Kiyungu, the business that grew from a university hostel snack outlet to a major catering company

In July 2018, Brenda Bantu Tuti, a kindergarten school teacher formed a WhatsApp group with which she invited a couple of friends to join. Shortly after forming the group, she organized them for a meeting whose agenda was to be announced at the meeting itself. 

Her six friends trusted her with their time and attended the meeting, hoping to hear the big announcement. “Something guided me in forming this group and choosing who I should invite. Because I seem to have made the right choices in all six of the members,” Tuti says, adding that she had earlier created another group of mostly or almost all men, and when she told them about turning it into an investment group, they all had different ideas, thus forcing her to close the group and reopen another. 

With her experience as a food vendor, Tuti, sold the idea that the group should invest in a catering business. 

“I started the cooking business in 2015, when I had just completed my Bachelor’s Degree in Education which I studied for at Ugandan Christian University. Upon completion, I was not comfortable with the idea of returning home. So I went to live with a friend at Land Mark Hostel in Makerere.”

Tuti says Land Mark is where she chose to take the leap. “I started out making burgers and other fast foods for students in and around the hostel,” she says. 

She adds that together with her friend, they printed fliers and pinned them at the entrance to the room and also at the hostel gate. 

From the sales of the fast foods, Tuti, trading as Tuti’ Snacks was able to maintain herself as well as her host in the room. 

That same year, the university organised its first Alumni event and her friend Juliet encouraged her to cater for the event. She however, was unable to raise the money to stock up on supplies for the event. 

“My cousin Abbas, for a reason I am yet to understand offered to lend me the money for the supplies,” Tuti says.  With Shs500,000, Tuti organized and cooked enough food for the event, expecting 150 people as told by the organisers.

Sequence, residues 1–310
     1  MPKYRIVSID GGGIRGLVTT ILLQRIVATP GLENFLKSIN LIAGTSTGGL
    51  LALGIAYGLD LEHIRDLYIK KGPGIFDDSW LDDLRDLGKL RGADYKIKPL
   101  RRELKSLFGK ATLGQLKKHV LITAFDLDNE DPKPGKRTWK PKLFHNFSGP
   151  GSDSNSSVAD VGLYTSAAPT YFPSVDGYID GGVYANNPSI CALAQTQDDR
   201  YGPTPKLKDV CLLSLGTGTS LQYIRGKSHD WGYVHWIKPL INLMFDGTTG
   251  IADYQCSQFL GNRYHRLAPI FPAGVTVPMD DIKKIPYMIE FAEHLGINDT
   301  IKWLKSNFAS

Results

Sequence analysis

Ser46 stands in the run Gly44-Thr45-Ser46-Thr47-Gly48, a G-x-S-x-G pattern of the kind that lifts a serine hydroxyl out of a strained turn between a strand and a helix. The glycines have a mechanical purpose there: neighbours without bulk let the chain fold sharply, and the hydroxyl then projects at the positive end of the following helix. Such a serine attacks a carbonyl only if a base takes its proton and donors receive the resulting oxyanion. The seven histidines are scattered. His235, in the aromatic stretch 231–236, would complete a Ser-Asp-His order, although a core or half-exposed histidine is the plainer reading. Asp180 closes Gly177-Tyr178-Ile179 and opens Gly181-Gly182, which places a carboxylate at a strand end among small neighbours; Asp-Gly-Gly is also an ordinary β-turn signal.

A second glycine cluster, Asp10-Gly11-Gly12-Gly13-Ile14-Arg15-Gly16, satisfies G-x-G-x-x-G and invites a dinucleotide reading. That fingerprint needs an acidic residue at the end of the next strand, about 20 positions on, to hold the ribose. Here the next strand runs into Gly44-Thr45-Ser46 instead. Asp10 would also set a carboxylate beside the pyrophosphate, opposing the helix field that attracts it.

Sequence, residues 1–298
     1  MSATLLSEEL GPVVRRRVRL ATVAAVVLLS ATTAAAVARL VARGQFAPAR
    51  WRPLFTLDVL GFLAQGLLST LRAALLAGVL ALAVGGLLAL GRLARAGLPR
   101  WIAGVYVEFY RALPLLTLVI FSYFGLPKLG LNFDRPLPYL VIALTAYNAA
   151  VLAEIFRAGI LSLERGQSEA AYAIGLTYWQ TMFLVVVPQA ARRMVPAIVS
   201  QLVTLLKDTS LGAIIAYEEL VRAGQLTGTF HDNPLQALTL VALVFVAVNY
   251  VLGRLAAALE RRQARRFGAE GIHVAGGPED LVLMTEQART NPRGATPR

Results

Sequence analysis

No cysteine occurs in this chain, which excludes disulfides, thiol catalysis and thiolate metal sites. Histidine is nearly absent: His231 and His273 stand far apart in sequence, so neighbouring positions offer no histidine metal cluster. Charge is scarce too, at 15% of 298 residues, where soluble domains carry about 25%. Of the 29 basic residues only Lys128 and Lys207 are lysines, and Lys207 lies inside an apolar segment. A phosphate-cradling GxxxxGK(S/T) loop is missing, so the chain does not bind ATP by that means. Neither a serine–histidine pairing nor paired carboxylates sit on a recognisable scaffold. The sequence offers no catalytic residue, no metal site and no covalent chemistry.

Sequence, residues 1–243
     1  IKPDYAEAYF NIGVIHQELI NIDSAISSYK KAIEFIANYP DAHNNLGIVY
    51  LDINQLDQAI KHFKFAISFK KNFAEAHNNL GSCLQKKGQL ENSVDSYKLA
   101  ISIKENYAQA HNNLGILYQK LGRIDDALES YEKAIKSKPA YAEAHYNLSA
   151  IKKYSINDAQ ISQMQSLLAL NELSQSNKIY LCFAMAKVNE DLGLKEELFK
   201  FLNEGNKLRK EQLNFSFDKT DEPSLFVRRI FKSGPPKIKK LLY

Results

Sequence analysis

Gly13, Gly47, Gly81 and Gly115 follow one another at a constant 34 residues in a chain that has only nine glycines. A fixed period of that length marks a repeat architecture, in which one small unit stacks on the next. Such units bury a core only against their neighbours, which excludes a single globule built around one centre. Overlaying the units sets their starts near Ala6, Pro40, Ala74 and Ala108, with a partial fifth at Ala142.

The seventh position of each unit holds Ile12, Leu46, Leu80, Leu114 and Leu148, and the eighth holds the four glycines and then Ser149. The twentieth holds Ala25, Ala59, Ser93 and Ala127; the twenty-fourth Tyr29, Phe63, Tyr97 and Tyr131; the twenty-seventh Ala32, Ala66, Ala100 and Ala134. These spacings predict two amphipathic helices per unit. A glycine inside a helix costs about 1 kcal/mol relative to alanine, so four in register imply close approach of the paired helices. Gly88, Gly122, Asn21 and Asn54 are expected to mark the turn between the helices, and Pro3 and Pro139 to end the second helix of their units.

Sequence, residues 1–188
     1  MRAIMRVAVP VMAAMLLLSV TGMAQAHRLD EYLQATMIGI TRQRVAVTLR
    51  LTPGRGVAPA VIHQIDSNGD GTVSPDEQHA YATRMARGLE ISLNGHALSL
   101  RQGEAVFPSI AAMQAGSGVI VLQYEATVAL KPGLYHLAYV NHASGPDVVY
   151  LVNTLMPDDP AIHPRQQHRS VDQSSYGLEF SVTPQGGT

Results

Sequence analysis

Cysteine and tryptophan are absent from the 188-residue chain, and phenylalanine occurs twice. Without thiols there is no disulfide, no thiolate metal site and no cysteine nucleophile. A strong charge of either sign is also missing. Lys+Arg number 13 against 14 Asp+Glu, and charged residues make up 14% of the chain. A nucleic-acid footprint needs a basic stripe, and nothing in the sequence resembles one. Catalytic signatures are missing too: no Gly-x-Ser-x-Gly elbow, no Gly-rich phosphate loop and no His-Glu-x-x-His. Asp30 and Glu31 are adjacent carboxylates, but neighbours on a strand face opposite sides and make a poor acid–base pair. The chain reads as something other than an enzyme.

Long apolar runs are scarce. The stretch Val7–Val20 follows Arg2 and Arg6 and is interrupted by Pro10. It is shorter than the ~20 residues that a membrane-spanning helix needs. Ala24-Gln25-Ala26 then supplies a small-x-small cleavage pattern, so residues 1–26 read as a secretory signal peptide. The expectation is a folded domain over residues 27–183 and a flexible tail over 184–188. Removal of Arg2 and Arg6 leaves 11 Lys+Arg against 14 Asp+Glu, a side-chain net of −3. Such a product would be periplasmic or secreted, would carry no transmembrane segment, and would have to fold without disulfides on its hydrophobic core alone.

“The Alumni get-together flopped badly. In fact, I think I only made sales of about Shs50,000,” Tuti says, evidently still disappointed three years since the flop. She carried the untouched food back to Land Mark Hostel and froze it, wondering what to do with the huge amounts of food. 

The next day, she took the food to her friend’s house where a host of other friends feasted. She has no regrets for the decision to give away the food. 

“Everyone appreciated the food and it is at that party that I got a big following. Since then most of the customers I get wherever I cook at an event are referrals from that day I gave out food,” Tuti says, adding that since then she has cooked at almost all editions of the Blankets and Wine festival and many other shows.   

During the meeting with her friends, the group gave direction on how the business should be carried forward. It was then that the name Kiyungu, a luganda translation of the kitchen, was suggested and adopted. 

Many other ideas flowed at the meeting, which also suggested house calls, where the chef is invited to cook food at people’s homes for a fee. 

Another of the ventures that Kiyungu does is the pop up dining. Under this arrangement, the group organize an event and invite potential clients through social media and other means. The location is left undisclosed until after one has paid. 

The first pop-up dining that was hosted at Naguru Hill Top Restaurant and according to Sharon Alinda, the head of marketing for Kiyungu, it was a big success, hosting 15 people for a French Cuisine event. 

After the Hill Top event they later hosted clients for an island experience that remains the talk of the town till this date. About 30 Clients were hosted at the Estate in Entebbe Alinda says. 

She adds that since the island experience, the demand to attend pop-up dining has doubled and now their worry is that they may have to host numbers which could compromise the quality of the events. 

As a business venture, Alinda explains that they have acquired some partners who advertise their products and also supply Kiyungu with items to use at events. 

The pop-up dining events have also worked as networking events for business owners. The business has since grown to do home catering as well as events and corporate functions. 

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